Stealth Alarms suspended for 45 days

Alarm company loses appeal with city, faces additional charges with provincial government
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Monday, November 1, 2004

CALGARY, Alberta- Stealth Alarms’ quest to appeal a suspension of its business license by the city of Calgary ended in failure in September and the company will now have to cease operations for a 45-day period.
The suspension, which begins Oct. 30, was implemented on 50 complaints received from consumers regarding the company’s business practices since 1999. Consumers had complained to the city about service and billing problems.

After the appeal was rejected, Brad Morrison, the president of the company, said he was not surprised by the result.

“We felt confident that the decision had already been made,” he said.

Even so, Morrison was confused over the exact reason for the suspension.

“I could understand the suspension if we had 200 to 300 complaints,” he said.

Now Morrison must face the inevitable- that the company cannot sell, install or monitor any security accounts for 45 days. But anticipating the city’s move, the company has made sure its subscribers are not left without monitoring service.

Wholesale monitoring company Secureacom, which according to its web site has been in business since March 2000, started shadowing Stealths’ accounts six weeks ago in preparation for the suspension. Despite having a website, Secureacom could not reached for comment for this story.

“The majority of our accounts are with them at this point,” Morrison said, “and all of them will be under them by Oct. 30.”

Morrison said he has worked out an agreement with Secureacom that will allow Stealth to bring its reported 60,000 accounts back into the company’s fold after the suspension has run its course.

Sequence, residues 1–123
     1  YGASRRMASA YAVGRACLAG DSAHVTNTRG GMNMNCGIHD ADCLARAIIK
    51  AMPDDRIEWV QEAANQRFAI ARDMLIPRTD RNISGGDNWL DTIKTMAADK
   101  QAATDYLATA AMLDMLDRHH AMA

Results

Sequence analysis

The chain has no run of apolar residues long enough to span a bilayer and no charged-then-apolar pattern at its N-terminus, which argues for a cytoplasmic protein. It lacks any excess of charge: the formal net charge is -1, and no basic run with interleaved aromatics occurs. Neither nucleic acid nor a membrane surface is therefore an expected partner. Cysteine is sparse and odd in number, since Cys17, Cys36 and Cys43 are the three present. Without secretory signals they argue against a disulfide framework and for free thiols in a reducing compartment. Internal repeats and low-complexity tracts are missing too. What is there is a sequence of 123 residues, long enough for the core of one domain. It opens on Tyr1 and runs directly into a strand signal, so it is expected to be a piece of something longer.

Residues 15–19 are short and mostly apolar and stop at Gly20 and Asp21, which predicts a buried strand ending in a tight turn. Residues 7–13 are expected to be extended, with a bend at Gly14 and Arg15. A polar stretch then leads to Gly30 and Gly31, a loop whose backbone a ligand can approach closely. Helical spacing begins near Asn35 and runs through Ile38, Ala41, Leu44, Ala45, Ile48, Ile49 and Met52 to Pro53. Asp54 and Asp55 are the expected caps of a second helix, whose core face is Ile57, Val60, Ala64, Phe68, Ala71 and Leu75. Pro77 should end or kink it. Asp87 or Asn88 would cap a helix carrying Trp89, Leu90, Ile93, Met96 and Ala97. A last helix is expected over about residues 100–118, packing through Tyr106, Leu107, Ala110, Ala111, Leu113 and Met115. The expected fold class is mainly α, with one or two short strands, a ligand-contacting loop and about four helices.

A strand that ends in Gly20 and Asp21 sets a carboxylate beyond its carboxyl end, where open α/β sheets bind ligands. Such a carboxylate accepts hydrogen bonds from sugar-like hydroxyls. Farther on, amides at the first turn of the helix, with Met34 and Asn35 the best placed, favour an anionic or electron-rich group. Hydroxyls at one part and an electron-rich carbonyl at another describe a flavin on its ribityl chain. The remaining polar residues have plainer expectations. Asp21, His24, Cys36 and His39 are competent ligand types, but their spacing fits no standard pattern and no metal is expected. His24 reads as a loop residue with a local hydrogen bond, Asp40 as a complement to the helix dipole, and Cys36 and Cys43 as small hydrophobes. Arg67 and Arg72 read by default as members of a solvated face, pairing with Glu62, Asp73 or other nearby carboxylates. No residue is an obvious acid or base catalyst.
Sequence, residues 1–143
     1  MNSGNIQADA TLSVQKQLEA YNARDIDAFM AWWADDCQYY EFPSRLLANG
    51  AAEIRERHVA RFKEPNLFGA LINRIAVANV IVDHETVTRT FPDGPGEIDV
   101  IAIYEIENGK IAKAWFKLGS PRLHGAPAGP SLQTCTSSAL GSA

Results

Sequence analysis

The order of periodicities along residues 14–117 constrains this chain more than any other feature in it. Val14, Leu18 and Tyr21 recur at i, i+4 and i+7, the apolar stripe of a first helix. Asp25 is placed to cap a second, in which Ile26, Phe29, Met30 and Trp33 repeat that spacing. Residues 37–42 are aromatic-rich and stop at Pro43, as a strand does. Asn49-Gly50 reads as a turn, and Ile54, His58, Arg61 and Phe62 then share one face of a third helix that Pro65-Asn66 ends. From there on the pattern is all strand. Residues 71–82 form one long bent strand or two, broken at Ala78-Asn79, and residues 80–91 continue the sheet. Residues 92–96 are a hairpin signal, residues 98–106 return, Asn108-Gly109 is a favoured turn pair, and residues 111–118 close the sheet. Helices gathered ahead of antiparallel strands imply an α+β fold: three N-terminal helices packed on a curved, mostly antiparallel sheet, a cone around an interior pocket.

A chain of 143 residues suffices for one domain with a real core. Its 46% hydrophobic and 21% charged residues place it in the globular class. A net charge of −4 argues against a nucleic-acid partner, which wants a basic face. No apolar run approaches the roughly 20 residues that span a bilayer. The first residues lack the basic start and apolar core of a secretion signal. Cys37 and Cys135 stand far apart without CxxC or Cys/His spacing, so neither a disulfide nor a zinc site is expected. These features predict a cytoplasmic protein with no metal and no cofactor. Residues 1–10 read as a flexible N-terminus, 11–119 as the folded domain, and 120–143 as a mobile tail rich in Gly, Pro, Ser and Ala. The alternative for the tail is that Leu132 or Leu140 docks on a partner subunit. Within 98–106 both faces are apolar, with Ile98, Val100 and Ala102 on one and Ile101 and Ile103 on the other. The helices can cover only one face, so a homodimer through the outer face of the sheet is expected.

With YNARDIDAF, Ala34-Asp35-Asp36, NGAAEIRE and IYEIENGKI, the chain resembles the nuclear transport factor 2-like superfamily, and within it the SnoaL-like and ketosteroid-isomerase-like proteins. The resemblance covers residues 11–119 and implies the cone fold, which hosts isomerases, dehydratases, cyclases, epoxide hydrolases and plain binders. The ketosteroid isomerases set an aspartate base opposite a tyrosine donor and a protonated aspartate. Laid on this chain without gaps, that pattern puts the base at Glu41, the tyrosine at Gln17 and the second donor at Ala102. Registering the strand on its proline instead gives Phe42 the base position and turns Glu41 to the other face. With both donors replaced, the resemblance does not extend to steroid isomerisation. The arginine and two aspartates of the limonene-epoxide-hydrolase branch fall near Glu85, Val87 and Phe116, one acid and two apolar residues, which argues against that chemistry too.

“We have every intention of continuing operations after the 45 days,” he said.

Stealth is facing additional problems outside of the suspension. It has a scheduled hearing with the provincial government regarding a licensing issue. The company allowed its direct seller’s license to expire earlier this year and according to Gwen Vanderdeen-Paschke, a spokesperson with Alberta Government Services, the company faces up to $100,000 in fines and an official from the company could receive a maximum of two years in prison. But there is nothing that has been determined at this juncture.

“It’s a court appearance at this point,” she said.

Morrison has staunchly defended the lack of license, stating that the license for the monitoring arm, Stargate, should have sufficed in covering the installation side of the business.

Even with the company’s barrage of recent problems, Morrison said Stealth has received a large amount of support from subscribers, employees and the community. He said the day news of the suspension broke, the company received roughly 80 “mostly good” phone calls.

“Morale is good, believe it or not,” he said. “People have been calling and supporting us.”